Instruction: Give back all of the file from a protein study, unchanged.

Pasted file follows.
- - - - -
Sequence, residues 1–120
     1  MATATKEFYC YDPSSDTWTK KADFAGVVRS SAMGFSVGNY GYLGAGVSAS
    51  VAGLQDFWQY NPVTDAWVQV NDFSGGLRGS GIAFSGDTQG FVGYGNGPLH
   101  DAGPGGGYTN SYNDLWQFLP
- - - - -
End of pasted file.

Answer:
Sequence, residues 1–120
     1  MATATKEFYC YDPSSDTWTK KADFAGVVRS SAMGFSVGNY GYLGAGVSAS
    51  VAGLQDFWQY NPVTDAWVQV NDFSGGLRGS GIAFSGDTQG FVGYGNGPLH
   101  DAGPGGGYTN SYNDLWQFLP